The Politics of Bringing Peace—Luke 10:1-11, 16-20 (Amy Allen)

Lectionary, The Politics of Scripture

God’s peace is a peace founded on life, rather than death. On relationship, rather than enmity. On engaging in and accepting mutual hospitality, rather than building walls of division.

After this the Lord appointed seventy others and sent them on ahead of him in pairs to every town and place where he himself intended to go. He said to them, “The harvest is plentiful, but the laborers are few; therefore ask the Lord of the harvest to send out laborers into his harvest. Go on your way. See, I am sending you out like lambs into the midst of wolves. Carry no purse, no bag, no sandals; and greet no one on the road. Whatever house you enter, first say, ‘Peace to this house!’ And if anyone is there who shares in peace, your peace will rest on that person; but if not, it will return to you. Remain in the same house, eating and drinking whatever they provide, for the laborer deserves to be paid. Do not move about from house to house. Whenever you enter a town and its people welcome you, eat what is set before you;cure the sick who are there, and say to them, ‘The kingdom of God has come near to you.’ 10 But whenever you enter a town and they do not welcome you, go out into its streets and say, 11 ‘Even the dust of your town that clings to our feet, we wipe off in protest against you. Yet know this: the kingdom of God has come near.’

16 “Whoever listens to you listens to me, and whoever rejects you rejects me, and whoever rejects me rejects the one who sent me.”

17 The seventy returned with joy, saying, “Lord, in your name even the demons submit to us!” 18 He said to them, “I watched Satan fall from heaven like a flash of lightning. 19 See, I have given you authority to tread on snakes and scorpions, and over all the power of the enemy; and nothing will hurt you. 20 Nevertheless, do not rejoice at this, that the spirits submit to you, but rejoice that your names are written in heaven.”

In the first century of the Common Era, the Roman Peace, or Pax Romana, ushered in by the Roman Empire was the promise of peace through the subjugation of lands. Roman armies traveled from place to place conquering smaller powers and ushering in protection and hopes for prosperity in exchange for tribute and obedience. The spoils of their campaigns brought material and cultural wealth to the Roman center, while leaving the townspeople in the subject lands to pay the price.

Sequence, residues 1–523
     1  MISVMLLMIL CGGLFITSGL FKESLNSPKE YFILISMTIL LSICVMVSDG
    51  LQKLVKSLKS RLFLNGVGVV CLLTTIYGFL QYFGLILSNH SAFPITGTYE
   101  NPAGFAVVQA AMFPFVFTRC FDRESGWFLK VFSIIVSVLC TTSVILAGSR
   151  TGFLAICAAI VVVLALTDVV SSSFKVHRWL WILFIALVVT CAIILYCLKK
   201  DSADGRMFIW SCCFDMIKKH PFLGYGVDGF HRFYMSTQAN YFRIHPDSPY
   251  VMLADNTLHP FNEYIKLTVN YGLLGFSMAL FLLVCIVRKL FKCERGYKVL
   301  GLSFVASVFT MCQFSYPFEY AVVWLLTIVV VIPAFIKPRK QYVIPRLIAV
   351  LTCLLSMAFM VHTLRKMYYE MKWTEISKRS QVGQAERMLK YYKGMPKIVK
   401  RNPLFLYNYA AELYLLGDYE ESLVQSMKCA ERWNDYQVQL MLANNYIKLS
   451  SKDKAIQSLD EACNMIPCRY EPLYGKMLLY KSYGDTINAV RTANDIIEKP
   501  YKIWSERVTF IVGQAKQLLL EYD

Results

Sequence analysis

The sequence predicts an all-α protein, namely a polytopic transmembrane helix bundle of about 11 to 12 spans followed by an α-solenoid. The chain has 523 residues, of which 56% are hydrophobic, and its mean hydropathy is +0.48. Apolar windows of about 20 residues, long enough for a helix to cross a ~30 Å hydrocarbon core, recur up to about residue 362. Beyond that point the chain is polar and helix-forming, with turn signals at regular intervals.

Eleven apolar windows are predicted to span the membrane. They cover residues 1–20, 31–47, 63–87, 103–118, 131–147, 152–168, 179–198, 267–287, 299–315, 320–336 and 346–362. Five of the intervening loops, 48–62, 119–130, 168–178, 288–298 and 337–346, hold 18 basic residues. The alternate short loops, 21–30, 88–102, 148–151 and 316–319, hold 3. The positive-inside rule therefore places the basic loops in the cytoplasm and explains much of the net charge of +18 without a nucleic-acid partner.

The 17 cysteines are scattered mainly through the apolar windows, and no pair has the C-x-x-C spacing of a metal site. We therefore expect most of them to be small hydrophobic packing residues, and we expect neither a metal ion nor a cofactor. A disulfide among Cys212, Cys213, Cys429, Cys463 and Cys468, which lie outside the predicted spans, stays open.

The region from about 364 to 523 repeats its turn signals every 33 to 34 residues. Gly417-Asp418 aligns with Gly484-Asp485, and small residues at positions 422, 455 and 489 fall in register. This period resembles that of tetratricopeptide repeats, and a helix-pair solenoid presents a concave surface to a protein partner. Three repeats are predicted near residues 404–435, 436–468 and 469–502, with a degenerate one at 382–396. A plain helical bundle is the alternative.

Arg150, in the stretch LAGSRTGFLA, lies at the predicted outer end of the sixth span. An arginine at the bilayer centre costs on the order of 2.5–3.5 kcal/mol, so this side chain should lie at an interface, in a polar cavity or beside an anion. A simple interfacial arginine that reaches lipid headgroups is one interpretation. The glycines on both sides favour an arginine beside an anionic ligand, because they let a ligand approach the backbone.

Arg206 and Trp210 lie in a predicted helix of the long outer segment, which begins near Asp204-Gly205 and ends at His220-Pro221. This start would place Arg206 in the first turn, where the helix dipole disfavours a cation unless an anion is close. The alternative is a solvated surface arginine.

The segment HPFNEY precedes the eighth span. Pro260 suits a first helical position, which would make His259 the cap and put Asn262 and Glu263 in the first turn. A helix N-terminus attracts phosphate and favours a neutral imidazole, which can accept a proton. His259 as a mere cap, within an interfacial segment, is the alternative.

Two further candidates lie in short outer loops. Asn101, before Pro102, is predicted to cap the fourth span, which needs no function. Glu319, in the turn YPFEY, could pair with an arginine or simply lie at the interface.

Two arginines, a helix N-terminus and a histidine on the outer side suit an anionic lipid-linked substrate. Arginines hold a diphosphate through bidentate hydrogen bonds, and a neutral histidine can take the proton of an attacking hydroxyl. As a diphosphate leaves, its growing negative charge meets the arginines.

In contrast, in the Gospel text for this week Jesus instructs his followers to go from town to town to “share in peace” with whatever household they enter (10:6). What is this peace, then, that Jesus instructs his apostles to proclaim? It is not a peace won on the backs of commoners and soldiers, it is not a peace reserved for the wealthy at the expense of the elite, nor a peace through destruction or death. The peace that Jesus’ apostles bring to each town is a peace of life.

In the households who receive them and among the towns in which they reside, the disciples spread Jesus’ healing power, proclaiming the word of God, healing the sick, and casting out demons. Thus when the seventy return from their mission, Luke tells us they greet Jesus with joy, saying, “Lord, in your name, even demons submit to us!” (10:17) Where the Romans brought death and took plunder, the apostles bring life and restore relationship.

Peace is and always has been a catchword in politics. Everyone wants peace. No one (or, at least, only a small minority) wants conflict. And yet our world is ridden with conflict. Wars waged in the name of peace. Low income homes leveled in gentrified neighborhoods for the sake of prosperity. Treaties broken and religions demonized for the illusions of security and independence.

The Pax Romana was a great and glorious time for the elite few. For the rest of the world, it was a time of fear and trial. There are voices in our world who want to restore British sovereignty or “make America great again.” These movements will, without a doubt, benefit elite subsets in each nation. But, as Christians, we are called not to ask whether we will be on the side that benefits from or suffers from this imposed greatness. Rather, we are called to ask how to serve the only Great One, who sends us “like lambs into the midst of wolves” to bring a different kind of peace.

God’s peace is a peace founded on life, rather than death. On relationship, rather than enmity. On engaging in and accepting mutual hospitality, rather than building walls of division.

For, indeed, the Kingdom of God has come—and is coming—near.


The Rev. Amy Allen is an adjunct professor of New Testament at Columbia Theological Seminary and an ordained minister in the Evangelical Lutheran Church in  America.

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